Rubio Says Immigration Shouldn't Be About Politics

Both parties are playing politics on the issue of immigration, Sen. Marco Rubio told a crowd of Latino officials Friday.

"I proposed some specific ideas and I publicly talked about it. The reaction from many on the left was an immediate dismissal….Of course a few months later the president takes a similar idea and implements it through executive action and now it's the greatest idea in the world. I don't care who gets the credit, I don't, but it exposes the fact that this issue is all about politics for some people not just Democrats but Republicans too," Rubio said in his address to the annual National Association of Latino Elected and Appointed Officials Conference.

"I wasn't looking for a talking point, I wasn't looking to influence the election in November, I was looking to help these kids I've met," Rubio said.

Rubio began his remarks in Spanish, before launching into immigration policy. He told the conference that while he had intended to address a wide range of policy issues in his speech, he ultimately decided to limit his focus to immigration.

"I think that perhaps we are as close as we have ever been to a political turning point in the debate about immigration," he said. "And so I have abandoned my hopes of only talking about the economy and jobs as important as that may be for one moment in one day in the hopes of speaking frankly to you about the issue of immigration."

He said that a "balanced approach" is necessary in solving the problem of illegal immigration.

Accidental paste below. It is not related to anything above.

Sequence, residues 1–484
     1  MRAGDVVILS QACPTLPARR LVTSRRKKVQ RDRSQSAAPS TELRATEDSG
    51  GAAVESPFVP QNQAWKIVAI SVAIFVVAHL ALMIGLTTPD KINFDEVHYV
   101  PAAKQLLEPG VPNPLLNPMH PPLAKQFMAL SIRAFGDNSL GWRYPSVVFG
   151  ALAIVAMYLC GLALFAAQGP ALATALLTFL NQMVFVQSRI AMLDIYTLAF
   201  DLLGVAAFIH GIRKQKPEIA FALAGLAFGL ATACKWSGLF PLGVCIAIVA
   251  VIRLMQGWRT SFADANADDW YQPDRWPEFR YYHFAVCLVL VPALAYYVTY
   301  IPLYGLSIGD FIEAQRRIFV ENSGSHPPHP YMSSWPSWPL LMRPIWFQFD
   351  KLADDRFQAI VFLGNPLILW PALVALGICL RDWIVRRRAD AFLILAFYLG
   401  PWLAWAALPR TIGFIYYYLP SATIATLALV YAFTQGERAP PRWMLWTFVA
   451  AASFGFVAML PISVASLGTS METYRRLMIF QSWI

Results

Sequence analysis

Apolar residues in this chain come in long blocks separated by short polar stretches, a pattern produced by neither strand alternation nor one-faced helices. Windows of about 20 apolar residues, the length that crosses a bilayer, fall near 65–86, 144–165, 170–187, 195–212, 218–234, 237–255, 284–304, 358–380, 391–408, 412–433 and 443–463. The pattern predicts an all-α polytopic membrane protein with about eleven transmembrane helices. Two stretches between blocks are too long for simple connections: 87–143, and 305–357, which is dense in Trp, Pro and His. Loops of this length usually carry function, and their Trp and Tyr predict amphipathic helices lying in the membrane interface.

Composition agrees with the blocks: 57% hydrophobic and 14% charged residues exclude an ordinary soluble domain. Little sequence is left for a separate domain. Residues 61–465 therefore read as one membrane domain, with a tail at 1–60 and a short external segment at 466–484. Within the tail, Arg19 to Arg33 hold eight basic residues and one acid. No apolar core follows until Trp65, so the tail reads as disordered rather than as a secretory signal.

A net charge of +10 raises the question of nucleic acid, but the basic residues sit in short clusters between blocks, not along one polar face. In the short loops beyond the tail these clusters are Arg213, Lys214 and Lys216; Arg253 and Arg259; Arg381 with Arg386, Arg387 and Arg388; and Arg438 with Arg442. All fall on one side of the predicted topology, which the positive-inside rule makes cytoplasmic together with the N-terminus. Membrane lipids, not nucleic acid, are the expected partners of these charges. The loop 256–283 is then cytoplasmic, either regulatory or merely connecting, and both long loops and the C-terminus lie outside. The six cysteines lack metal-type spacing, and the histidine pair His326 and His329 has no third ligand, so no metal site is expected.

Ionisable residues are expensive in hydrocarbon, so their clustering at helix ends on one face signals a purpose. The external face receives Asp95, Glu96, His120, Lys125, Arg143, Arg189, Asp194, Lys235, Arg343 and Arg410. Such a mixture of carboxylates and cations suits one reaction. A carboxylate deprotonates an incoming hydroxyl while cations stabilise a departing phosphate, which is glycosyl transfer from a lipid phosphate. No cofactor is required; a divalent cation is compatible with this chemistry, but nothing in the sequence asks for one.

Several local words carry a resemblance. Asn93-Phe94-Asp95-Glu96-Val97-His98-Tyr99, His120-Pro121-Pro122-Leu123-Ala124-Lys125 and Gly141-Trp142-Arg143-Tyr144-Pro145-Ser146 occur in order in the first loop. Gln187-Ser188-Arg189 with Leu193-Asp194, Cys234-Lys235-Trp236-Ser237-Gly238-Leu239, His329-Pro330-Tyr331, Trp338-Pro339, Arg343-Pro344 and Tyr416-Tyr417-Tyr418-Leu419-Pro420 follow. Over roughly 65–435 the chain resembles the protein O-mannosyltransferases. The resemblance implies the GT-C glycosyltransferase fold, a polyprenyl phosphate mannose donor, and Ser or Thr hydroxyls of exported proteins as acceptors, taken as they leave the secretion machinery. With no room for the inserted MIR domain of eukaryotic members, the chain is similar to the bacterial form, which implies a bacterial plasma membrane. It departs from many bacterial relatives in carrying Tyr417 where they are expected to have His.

"The only way to solve it is a balanced approach that recognizes this is complicated. And I think the way you have to do it you have to approach it number one by understanding that we have to win the confidence of the American people back," he said.

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The Florida senator also called for compassion when addressing the topic.

"The truth is there is not right to illegally immigrate to the United States and when we talk about illegal immigration it's not about demanding rights, it's about appealing to the compassion of the most compassionate nation in the history of the world," he said.

Rubio did not offer any specifics on his alternative version of the DREAM Act, nor did he mention whether he plans to proceed with it in Congress.

He refrained from assigning specific criticism to the Obama administration- though he did not hold back from referencing the fact that Obama has not attended the conference during the past three years.

"I was tempted to come here and rip open the policies of the administration and in a few moments you'll hear from the president. I was tempted to come here and tell you hey he hasn't been here in three years. What a coincidence it's an election year. I was tempted to tell you why didn't he make this issue a priority. That's not the direction I want," he said.

Rubio spoke for around 20 minutes, and he appeared to be well received at the conference, his speech received applause at several points.

ABC's Arlette Saenz and Joanna Suarez contributed to this report.

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